Height – Part Deux

by | Jul 17, 2018


Yesterday’s IFOD concerned the distribution of height in the U.S. and How Many People are 7-Foot Tall? Today concerns some other aspects of height that are interesting.

Height is determined partly by genetics but nutrition and other environmental factors play an important role as well. A very important factor in determining height is nutrition and illness during childhood since that is when growth occurs. As nutrition around the world has improved and many diseases that affect children have been reduced or eradicated, average height has generally increased worldwide over the past few centuries. Evidence of the importance of nutrition and healthcare can be seen through its correlation to country income as the below chart shows (y axis is income, x axis is average height in centimeters):


Correlation between (log) income (Y axis) per capita and height (in cm – X axis) 

While height has increased worldwide, the increase has been uneven. As reported by ABC News, “people from central and southern Europe, as well as East Asia, grew taller in the last 100 years. Meanwhile there was little gain in height for people from sub-Saharan African and South Asian nations. A few countries experienced decreases in their average adult height after years of gain. Dutch men, at 182.5 centimeters (about 6 feet), and Latvian women, at 170 centimeters (5 feet 7 inches), are the tallest in the world.”


Americans have been growing taller, on average, for a few hundred years, but this upward trend seems to have pretty much topped out as there has been little change in height distribution over the past generation or two. The reason we’ve stopped growing taller is that the vast majority of our population doesn’t face the nutritional and health challenges in youth of earlier generations.

There are benefits to being tall(er) as it is “associated with enhanced longevity, lower risk of adverse pregnancy outcomes and cardiovascular and respiratory diseases, and . . . higher education, earnings, and possibly even social position” according to the study A century of trends in adult human height.

With respect to social status, this study found that “taller people achieve higher social status as a result of their increased interpersonal dominance during confrontations with competitors.” Dominance was tested in a variety of situations of pedestrians of various heights approaching each other in different settings.  The study hypothesized that “the increased dominance of taller men and women is likely to result from both perceptions of the individuals themselves and the perceptions of others.”

Studies have shown that tall people earn $789 per year per inch of height over average height.  Not a huge dollar sum individually, but when taken together its $170 billion of income moving from the shortest quartile to the tallest quartile every year. Tall people also have a slight IQ advantage.  Over half of the male U.S. Senators are over 6 feet tall. Presidents also are typically of above-average height.


Note that Donald Trump (president 45) is 75 inches tall.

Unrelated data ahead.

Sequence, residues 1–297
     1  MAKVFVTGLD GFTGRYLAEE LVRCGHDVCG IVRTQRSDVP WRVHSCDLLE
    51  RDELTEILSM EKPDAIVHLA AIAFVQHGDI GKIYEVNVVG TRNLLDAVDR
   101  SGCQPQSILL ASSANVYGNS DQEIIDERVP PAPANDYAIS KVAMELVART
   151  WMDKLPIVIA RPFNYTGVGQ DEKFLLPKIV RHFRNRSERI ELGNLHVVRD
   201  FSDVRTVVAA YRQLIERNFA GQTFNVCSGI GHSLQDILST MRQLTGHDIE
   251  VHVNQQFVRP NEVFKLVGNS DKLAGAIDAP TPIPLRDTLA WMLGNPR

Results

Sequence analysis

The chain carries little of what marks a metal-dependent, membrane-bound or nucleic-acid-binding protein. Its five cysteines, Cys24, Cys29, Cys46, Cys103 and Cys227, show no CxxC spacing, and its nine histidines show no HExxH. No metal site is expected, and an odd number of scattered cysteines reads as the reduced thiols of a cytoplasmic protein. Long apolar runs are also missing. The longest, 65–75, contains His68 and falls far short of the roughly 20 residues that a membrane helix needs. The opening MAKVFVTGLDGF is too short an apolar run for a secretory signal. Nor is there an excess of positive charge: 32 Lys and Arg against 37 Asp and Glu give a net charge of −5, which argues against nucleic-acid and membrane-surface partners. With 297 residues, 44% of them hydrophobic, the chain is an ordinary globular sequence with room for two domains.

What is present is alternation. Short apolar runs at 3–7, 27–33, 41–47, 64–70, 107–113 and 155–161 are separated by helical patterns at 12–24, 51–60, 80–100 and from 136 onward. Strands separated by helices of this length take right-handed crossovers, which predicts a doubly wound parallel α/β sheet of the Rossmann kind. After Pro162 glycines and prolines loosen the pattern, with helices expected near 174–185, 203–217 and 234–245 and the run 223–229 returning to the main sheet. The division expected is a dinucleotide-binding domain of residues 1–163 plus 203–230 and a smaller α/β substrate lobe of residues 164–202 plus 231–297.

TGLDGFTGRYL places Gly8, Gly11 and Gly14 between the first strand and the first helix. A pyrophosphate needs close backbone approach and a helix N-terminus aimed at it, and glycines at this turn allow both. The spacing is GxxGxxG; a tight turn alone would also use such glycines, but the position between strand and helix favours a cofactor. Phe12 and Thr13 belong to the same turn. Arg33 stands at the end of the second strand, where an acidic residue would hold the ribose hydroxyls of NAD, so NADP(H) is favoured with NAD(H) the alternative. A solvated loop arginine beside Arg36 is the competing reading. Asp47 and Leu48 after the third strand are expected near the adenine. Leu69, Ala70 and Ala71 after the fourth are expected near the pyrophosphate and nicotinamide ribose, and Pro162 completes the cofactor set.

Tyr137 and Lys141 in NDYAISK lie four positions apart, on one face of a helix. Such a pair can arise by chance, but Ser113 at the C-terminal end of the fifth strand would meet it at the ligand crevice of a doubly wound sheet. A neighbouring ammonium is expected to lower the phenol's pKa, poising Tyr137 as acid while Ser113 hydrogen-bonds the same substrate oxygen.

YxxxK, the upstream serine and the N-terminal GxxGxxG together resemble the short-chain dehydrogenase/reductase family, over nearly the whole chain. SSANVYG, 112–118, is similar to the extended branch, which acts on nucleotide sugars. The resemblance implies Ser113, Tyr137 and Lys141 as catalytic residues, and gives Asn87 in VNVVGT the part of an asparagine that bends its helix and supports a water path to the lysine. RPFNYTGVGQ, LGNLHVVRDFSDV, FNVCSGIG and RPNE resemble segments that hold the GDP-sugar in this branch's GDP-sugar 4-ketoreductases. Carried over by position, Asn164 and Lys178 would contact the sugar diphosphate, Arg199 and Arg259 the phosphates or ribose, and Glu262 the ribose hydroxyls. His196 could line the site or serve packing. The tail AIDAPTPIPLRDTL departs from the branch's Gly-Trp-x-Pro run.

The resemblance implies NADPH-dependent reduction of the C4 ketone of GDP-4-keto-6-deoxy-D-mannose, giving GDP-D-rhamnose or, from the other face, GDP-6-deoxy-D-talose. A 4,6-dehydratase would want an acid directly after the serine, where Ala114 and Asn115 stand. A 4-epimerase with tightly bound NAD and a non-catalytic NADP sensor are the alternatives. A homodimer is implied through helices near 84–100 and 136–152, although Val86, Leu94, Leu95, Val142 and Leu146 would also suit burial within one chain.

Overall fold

It’s not all rosy for tall people, however. While over time, height has been positively correlated with health and longevity due to it’s association with good nutrition and lack of childhood disease, there is mounting evidence that in societies where nutrition and healthcare are plentiful that  being of tall stature puts one at increased risk of various cancers and other causes of mortality. This article from Slate summarized it as follows: “The fact that tall people die younger appears to be an immutable physical reality. A short person is like a Honda Civic: compact and efficient. Tall people are Cadillac Escalades. With all that extra weight and machinery, something’s just bound to go wrong.”

Additionally, being a tall female can negatively affect your birth rate.  Tall women have half the birth rate of shorter women.  But it’s not related to lower fertility.  Being a “tall” female makes it difficult finding a partner, just as being a short male is the same problem in the inverse.   In the population at large, women typically date men who are 8% taller. This is an advantage for the women below the 50th percentile, who have 99 per cent of men to choose from. A 6ft 3in woman is looking at less than 3% of the male population.

Finally, being tall can be a pain. It’s harder to find clothes and more difficult to fit comfortably in cars and airplanes. A guy I met years ago who was 6’6″ tall said that he thought most of the modern world, especially airplane seats, were designed for people about 5’10” and shorter. Being 5’9″ myself I think that seems correct.


  1. Hmmm, it seems to me, the move to hunter-gatherer to agrarian also encompassed a move from wild animals to confined animals. The impact being a move from high protein meat to higher fat meat. We like the taste of the high fat meat better, but that does not mean it is better for us.

  2. From the book Pandora’s seed. Populations were taller when diets consisted of more proteins (hunter gatherer) than carbs (farming)

    Ave height 9000 bc. 5’10 (paleo)
    Ave height 3000 bc. 5’4
    Ave height 2000 ad. 5’8′

    • Yes – the move from hunter-gatherer to agrarian had many negative health effects. Merely ascribing it to carbs vs proteins is too strong of a conclusion. There are many factors as to why the agricultural revolution had the effects it did. The book Sapiens has an entire chapter on this.


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